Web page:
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libbykins
05-14-2005, 11:58 PM
I was wondering...

Before sending my script in for coverage I had it copyrighted. Now that I've got the feedback, I've completely changed the ending and made other modifications.

Does the copyright still apply?
Or do I have to re-register the 'new' version?


thanks.
Lib

buzzearl
05-16-2005, 02:37 PM
Hi:

Get a copy of Brooke Wharton's "The Writer Got Screwed (A Guide to the Legal and Business Practices of Writing for the Entertainment Industry) or drop a line to Brooke Wharton at www.writingforfilm.com (http://www.writingforfilm.com/) (new website I just found-everything about writing for the entertainment industry, biz and legal questions). Wharton has a really good section on copyright in her book. I'm not an expert on this, but reading her book, it looks like the short answer MIGHT be that a revised version of your screenplay might be considered another exploitation of the copyright in your screenplay--which you already have, so you might not need to re-register. BTW, in "The Writer Got Screwed," Wharton states that copyright exists in the moment the work is in a tangible form, but for a lot of good reasons, does suggest registering with the copyright office.

English Dave
05-16-2005, 03:01 PM
Out of interest, does anyone know how many non-produced, non-repped writers have sucesssfully sued a prodco or studio on the basis they had a wga registered script? Emphasis on non-repped in screenwriting - not comic books.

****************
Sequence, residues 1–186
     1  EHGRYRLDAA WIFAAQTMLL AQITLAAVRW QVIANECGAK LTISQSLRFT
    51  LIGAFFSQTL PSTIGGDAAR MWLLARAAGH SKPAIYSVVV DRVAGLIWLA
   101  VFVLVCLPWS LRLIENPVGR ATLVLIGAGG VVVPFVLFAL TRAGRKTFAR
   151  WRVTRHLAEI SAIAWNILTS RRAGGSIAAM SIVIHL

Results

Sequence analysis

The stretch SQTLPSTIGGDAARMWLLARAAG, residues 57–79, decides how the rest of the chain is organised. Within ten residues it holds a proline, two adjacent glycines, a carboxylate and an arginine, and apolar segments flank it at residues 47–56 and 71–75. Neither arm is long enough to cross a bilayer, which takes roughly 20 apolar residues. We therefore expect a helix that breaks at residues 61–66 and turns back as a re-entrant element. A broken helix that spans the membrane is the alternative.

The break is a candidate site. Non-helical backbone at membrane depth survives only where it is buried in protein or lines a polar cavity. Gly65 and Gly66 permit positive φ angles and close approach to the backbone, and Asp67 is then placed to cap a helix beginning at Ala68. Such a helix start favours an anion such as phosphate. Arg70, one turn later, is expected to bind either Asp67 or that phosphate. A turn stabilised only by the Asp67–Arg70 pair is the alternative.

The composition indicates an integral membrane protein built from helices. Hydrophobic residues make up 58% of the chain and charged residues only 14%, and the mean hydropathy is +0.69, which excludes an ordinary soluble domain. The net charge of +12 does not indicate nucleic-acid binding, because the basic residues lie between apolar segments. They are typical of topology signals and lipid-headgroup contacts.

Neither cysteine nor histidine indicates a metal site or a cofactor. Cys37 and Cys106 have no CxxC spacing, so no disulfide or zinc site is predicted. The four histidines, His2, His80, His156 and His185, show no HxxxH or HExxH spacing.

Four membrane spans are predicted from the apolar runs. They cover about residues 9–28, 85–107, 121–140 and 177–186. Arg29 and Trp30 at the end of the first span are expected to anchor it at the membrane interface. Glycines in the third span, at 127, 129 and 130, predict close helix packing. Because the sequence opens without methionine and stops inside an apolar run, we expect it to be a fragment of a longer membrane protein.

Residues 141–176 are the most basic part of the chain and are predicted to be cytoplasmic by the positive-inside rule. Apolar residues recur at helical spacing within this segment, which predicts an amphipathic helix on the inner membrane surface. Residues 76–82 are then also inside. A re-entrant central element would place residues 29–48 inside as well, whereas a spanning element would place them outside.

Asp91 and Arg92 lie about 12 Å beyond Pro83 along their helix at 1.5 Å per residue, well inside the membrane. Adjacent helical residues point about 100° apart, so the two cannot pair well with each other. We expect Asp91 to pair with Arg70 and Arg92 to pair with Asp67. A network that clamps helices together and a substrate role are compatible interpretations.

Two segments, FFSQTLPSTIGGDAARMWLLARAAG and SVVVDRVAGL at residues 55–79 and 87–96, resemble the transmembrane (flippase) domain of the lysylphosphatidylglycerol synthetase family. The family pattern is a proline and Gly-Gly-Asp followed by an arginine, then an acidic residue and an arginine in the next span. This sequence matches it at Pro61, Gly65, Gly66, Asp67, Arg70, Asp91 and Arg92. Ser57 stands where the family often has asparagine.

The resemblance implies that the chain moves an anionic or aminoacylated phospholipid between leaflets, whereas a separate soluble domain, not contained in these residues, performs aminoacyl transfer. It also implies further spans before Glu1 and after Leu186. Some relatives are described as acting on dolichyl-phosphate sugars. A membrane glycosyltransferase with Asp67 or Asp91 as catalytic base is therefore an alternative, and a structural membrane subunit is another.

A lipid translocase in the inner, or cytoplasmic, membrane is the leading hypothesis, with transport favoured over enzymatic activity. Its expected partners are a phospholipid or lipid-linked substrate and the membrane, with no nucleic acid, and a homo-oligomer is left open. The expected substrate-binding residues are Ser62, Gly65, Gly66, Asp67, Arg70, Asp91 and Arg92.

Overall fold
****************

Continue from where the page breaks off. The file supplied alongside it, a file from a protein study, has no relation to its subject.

If anyone is so morally bankrupt that they have to steal your idea they are also probably so financially bankrupt that they couldn't pay you if they you sued them anyway.

Do you buy your car from the main dealer or the guy with the cell phone number in the free ads? Think about who you submit to, then you don't have to sweat copywrite.

libbykins
05-16-2005, 10:37 PM
I'll have to pick up a copy of Brooke Wharton's book.

As I was going through the re-writes I found myself wondering if any number of changes to a given work would constitute the need to re-copyright.

Chalk it up to random thoughts.

Thanks.
Lib

Fortean
05-17-2005, 01:47 AM
Since you have already registered a copyright of your work, (with the U.S. Copyright Office, I'll guess), you've established what exactly is protected by that copyright certificate: the deposit copies that you sent to the Copyright Office.

Now, depending on the number of changes you make to the screenplay, any further copyright will be considered a derivative work, (for example, if you change Act Three completely and keep two-thirds of Acts One and Two, you still have a third of the material from your copyright-registered work). You do not need to register a copyright for this work, (again). You can register another copyright for the "new material" as a "derivative" work with another PA form and fee. Registering the revised work with the WGA may be easier and cheaper, to protect yourself in submitting your screenplay to various contests and markets; then, when you're getting ready to sell that screenplay, you can register the derivative work and assign both copyrights, (original and derivative works), to the buyer.

Check out Circular 14 from the U.S. Copyright Office, (available as a .pdf file (http://www.copyright.gov/circs/circ14.pdf)). Please note how to identify the original work, ("pre-existing material" in space 6a), and "new material added," (in space 6b), in the application form.